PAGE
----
• conventions and in the policies of international institutions. For example the International Labour Office’s ILO Convention 169 Concerning Indigenous and Tribal Peoples in Independent Countries (1991) states that indigenous peoples have the right ‘to participate in the use, management and conservation’ of natural resources on their traditional lands, and that governments must establish procedures to consult them before allowing exploitation of such resources (Article 15). The United Nations Draft Declaration on the Rights of Indigenous Peoples (1993) recognises the rights of indigenous peoples to ‘their lands, territories and resources’, the contribution indigenous knowledge can make to proper management of the environment and the right of indigenous people to ‘control the total environment of the lands . . . which they have traditionally owned or otherwise occupied’ and ‘to determine and develop priorities and strategies for the development or use of their lands’ (Preamble, Articles 26, 30). The World Bank requires that projects it helps to finance must devise and maintain mechanisms ‘for participation by indigenous people in decision-making throughout project planning, implementation and evalua- tion’, and must have development plans that give ‘full consideration to the options preferred by the Indigenous people affected by the project’ (World Bank Operational Directive OD 4.20 (1991), Articles 14(a), 15(d)). More broadly, the Bank recognises that effective environmental management can- not be achieved without substantial input from civil society, including indigenous peoples (Davy, 1998; see also World Commission on Environment and Development, 1987). However, while the need for indigenous participation is widely recognised in theory, practice falls far behind principle. To the extent that indigenous people do participate in environmental management, this is often the result of conflict that results from an initial failure to involve them. Indigenous communities must often take direct action in the form of litigation, protests, blockades and in some cases violence before corporations and governments allow opportu- nities for their involvement (Banks & Ballard, 1997; Castro & Nielsen, 2001; Wilson, 2002; Caruso et al., 2003). These opportunities are often episodic. They may occur only during processes designed to determine whether a project should proceed (such as environmental impact assessments), but not continue into the operational phase of resource development (Geisler, 1993); or they may occur only after fundamental decisions regarding the nature of environmental management regimes have already been made (Banks & Ballard, 1997). Additional problems arise from limited capacity for participa- tion at the local level, which constrains the ability of indigenous groups to grasp the opportunities that are available (Davy, 1998). During recent years new and concrete opportunities for indigenous participation have been created through the negotiation of agreements between indigenous groups and resource developers operating on their traditional lands. Such agreements, which typically deal with a range of physical, cultural, social and economic issues associated with resource development, are now common in the mining sectors of industrial nations such as Canada, Australia 630 C. O’Faircheallaigh & T. Corbett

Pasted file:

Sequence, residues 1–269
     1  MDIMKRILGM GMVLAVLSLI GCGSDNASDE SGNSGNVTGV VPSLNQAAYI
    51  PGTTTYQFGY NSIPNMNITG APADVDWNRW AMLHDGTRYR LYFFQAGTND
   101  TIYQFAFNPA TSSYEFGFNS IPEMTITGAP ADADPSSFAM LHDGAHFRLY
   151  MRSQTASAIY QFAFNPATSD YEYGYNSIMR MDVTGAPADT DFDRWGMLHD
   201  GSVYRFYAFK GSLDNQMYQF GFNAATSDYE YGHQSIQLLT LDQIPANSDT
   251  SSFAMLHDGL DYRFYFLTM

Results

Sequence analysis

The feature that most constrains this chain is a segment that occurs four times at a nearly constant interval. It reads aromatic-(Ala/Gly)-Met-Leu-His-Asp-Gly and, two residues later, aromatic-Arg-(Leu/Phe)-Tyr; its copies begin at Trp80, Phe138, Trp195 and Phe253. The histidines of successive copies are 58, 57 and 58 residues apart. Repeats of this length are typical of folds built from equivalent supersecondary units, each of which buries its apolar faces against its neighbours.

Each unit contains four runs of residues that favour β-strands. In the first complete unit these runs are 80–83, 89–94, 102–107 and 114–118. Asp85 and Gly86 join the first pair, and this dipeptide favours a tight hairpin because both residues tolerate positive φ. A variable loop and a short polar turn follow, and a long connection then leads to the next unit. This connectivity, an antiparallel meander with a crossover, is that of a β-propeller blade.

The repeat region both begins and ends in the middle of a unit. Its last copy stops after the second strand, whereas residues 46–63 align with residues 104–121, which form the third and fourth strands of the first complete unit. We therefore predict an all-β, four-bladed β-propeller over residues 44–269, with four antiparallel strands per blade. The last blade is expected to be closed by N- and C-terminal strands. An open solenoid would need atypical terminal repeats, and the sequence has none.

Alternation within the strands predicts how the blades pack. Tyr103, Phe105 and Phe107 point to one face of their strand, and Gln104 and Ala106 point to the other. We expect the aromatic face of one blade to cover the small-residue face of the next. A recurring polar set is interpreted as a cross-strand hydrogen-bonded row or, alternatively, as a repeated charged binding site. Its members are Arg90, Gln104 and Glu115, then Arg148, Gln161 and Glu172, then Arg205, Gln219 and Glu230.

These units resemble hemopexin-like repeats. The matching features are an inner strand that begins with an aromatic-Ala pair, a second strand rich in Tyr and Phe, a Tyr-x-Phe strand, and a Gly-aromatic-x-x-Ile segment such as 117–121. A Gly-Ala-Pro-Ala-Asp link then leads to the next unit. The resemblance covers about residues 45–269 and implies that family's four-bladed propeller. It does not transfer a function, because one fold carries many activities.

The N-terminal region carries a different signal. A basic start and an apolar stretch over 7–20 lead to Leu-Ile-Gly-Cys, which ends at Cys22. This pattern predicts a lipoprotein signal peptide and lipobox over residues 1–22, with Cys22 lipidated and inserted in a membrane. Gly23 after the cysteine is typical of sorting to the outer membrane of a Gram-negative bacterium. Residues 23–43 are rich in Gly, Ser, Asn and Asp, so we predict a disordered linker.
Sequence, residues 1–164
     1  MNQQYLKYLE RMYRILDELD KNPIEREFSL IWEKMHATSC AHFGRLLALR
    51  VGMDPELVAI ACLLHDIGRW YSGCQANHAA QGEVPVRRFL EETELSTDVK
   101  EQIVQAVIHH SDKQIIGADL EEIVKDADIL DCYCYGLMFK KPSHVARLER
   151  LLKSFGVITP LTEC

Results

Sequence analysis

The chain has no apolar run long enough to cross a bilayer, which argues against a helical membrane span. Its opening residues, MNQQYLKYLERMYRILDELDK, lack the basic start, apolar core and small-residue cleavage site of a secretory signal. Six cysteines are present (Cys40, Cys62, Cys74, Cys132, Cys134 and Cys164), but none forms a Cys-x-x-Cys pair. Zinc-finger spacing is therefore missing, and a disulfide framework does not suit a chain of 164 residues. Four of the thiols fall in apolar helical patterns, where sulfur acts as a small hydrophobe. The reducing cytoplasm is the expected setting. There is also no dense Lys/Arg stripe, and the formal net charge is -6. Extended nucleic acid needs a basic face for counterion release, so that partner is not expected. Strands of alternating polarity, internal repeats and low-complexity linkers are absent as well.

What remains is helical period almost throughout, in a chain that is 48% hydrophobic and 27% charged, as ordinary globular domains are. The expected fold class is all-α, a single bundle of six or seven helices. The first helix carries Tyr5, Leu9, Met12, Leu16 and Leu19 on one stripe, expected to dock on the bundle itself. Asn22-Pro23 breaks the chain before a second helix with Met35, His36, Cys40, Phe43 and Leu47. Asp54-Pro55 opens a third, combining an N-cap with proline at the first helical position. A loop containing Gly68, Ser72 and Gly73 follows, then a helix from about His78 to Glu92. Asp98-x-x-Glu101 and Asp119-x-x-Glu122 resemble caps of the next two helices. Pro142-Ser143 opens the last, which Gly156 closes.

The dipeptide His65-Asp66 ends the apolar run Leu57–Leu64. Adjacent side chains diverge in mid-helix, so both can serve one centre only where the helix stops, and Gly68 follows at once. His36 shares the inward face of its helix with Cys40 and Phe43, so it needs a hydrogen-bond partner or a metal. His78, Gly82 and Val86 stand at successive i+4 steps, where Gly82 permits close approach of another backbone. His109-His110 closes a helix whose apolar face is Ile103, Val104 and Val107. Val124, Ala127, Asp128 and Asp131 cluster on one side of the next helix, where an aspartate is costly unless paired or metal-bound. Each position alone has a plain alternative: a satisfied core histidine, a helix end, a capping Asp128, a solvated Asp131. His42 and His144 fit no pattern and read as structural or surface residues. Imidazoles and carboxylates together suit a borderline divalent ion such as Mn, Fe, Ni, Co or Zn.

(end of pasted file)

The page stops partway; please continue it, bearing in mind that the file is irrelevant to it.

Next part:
• and the USA (see, for example, International Council on Mining and Metals, 1999; O’Reilly & Eacott, 1999; Sosa & Keenan, 2001; Langton et al., 2004; O’Faircheallaigh, 2004a, b). They are also beginning to occur in other industry sectors and in less developed countries (Banks & Ballard, 1997; Brew, 1998).1 Agreements usually last for terms that are expected to cover the whole of project life, and in principle they offer an opportunity for systematic and ongoing participation by indigenous peoples in the environmental management of resource projects on their traditional lands. However, while scores, perhaps even hundreds, of such agreements now exist, virtually nothing is known about the nature or efficacy of the environ- mental provisions they contain, or indeed whether they contain any such provisions. In part this reflects the fact that many agreements are of recent origin and there has been limited time to analyse them, but a more significant factor is the common practice of including confidentiality provisions that prevent parties to agreements from divulging their contents. We examine the potential of agreements to facilitate indigenous participation in environmental management of resource development by analysing a large number of agreements negotiated during recent years in Australia between Aboriginal peoples and developers of mining projects.2 Virtually all of the agreements we have analysed are confidential, and to maintain confidentiality we do not identify provisions of individual agreements. Rather we develop a scale that allows an evaluation of the efficacy of provisions in terms of their potential to allow indigenous participation. The agreements are then analysed as a group, allowing conclusions to be drawn about their ability to facilitate Aboriginal participation. The analysis indicates that the potential of agreements is considerable, but that to date that potential has generally not been realised in Australia. We begin by briefly discussing the history of Aboriginal involvement in environmental management in Australia, then examine the broader rationale for negotiation of agreements between Aboriginal peoples and mining companies. Aboriginal Peoples and Environmental Management in Australia Until the 1970s Aborigines were systematically excluded from any significant role in environmental management in Australia for two main reasons. First, land ownership and resource management were based on the legal principle of terra nullius, that the land belonged to no one prior to European settlement. Central to terra nullius was the assumption that Aborigines did not exploit or improve land and thus did not manage resources, which European colonisers took as justification for their appropriation of land in all but arid central Australia and the monsoonal north. While they never relinquished their custodial responsi- bilities to manage their country, dispossession, population decline and removal to reserves left many Aboriginal peoples largely powerless to exercise those responsibilities (Chase, 1990; Howitt, 2001). The second basis of exclusion involved the denial to Aboriginal peoples, until the 1960s, of political and economic rights. Denied the right to vote, to Indigenous Participation in Environmental Management 631 View slide